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Here are the signs of 'dog flu'


American Kennel Club photo

As presented on Pet Pals TV, here's information on canine influenza:


1) Canine Influenza virus is an upper respiratory pathogen of dogs. Currently, two strains of CIV are circulating in our dog population, the H3N8 strain, which jumped from horses in the early 21st century and the H3N2 strain which came to the US in 2015. Both strains can also affect ferrets and the H3N2 strain can occasionally impact cats as well.


2) Symptoms of CIV include similar to most other upper respiratory disease and may include a cough, reduced appetite, fever, occasional sneezing, and discharge from the eyes or nose. While most cases of this disease are mild, some can develop into pneumonia. The fatality rate is less than 2% and many dogs make a recovery within a few weeks.


3) Transmission occurs through direct contact of the respiratory secretions of an infected dog. The dog may or may not be symptomatic. Even dogs without clinical signs can transmit the virus up to about 20 feet away through aerosols and droplets.


4) In recent months, several states have reported outbreaks of canine influenza, specifically the H3N2 strain. As of this posting, 15 states had laboratory confirmed cases of H3N2 in dogs. Most of the cases are occurring in the South, with Tennessee, Georgia, and South Carolina being hardest hit.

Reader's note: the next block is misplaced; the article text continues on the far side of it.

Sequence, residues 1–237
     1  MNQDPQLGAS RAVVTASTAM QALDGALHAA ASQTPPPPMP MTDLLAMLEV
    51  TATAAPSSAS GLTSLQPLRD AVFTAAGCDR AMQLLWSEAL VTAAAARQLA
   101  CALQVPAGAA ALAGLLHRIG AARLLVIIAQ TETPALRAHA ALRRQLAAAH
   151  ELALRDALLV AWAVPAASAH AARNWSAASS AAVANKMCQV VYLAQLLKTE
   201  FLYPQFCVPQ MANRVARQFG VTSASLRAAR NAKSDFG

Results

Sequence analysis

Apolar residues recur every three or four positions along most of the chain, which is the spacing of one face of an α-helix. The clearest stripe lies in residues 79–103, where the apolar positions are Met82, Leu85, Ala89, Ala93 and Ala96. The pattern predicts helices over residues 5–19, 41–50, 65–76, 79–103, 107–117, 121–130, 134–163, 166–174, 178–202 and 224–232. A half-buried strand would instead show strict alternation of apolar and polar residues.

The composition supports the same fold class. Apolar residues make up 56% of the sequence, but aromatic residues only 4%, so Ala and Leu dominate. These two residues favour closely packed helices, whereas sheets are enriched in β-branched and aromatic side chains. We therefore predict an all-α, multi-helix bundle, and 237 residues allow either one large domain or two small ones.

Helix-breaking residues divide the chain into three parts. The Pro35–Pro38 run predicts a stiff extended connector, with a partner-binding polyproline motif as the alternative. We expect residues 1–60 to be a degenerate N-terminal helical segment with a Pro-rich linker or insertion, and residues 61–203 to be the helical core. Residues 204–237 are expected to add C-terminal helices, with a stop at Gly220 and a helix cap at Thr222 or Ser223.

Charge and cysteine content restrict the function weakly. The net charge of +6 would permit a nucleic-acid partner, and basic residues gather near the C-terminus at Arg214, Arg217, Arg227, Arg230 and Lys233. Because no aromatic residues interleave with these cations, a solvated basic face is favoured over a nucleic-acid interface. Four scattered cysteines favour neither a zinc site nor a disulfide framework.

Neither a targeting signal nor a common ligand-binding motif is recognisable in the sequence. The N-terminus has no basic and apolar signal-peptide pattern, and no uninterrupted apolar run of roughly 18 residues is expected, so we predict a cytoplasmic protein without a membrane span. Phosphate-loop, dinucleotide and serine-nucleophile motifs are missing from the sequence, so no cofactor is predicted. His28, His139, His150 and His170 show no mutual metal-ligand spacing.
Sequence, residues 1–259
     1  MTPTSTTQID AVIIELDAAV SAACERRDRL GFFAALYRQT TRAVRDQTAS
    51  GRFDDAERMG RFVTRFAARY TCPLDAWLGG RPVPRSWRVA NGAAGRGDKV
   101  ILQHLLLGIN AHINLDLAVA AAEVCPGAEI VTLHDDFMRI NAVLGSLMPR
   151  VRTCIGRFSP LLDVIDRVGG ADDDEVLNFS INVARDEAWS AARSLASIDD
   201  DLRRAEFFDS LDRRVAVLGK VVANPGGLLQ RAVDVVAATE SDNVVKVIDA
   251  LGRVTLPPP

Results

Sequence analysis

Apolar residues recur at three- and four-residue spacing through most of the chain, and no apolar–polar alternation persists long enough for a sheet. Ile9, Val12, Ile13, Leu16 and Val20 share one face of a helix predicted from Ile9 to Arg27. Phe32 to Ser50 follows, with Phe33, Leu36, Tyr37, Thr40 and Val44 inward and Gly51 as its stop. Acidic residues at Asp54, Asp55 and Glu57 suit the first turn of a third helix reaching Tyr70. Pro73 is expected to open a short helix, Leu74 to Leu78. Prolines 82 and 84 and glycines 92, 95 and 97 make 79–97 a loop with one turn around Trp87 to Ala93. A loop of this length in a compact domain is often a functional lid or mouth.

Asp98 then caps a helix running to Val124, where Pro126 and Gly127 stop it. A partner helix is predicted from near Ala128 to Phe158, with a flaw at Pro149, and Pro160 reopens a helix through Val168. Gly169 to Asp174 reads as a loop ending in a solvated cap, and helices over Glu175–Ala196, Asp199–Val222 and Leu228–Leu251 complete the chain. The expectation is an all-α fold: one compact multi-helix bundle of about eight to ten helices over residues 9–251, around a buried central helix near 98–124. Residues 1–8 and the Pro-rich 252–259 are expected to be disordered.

5) Since H3N2 is still fairly new to the US, many dogs have never been exposed to the disease nor have they been vaccinated for it. This means that routine trips to the grooming salon, dog park, doggie day care centers, the pet store, or even your veterinary office could increase your pet’s risk for contracting the flu.


6) Thankfully, there are effective vaccinations that can cover both strains of the flu and help minimize the course of the disease as well as the transmission from dog to dog. Unfortunately, the recent outbreaks in several states, along with a recall from one of the vaccine manufacturers recently has stressed the vaccine supply.


7) At this time, only two companies manufacturer USDA approved canine flu vaccines here in the US. Both companies are reporting an issue with sourcing components and this means that the vaccine may not be available for your pet, especially if he/she has never had the vaccine in the past.


8) If your area of the country is experiencing an outbreak, it might be wise to avoid taking your pet to certain venues, like dog parks or doggie day care. Talk to your veterinarian about your pet’s risk factors as well as local availability of the vaccine

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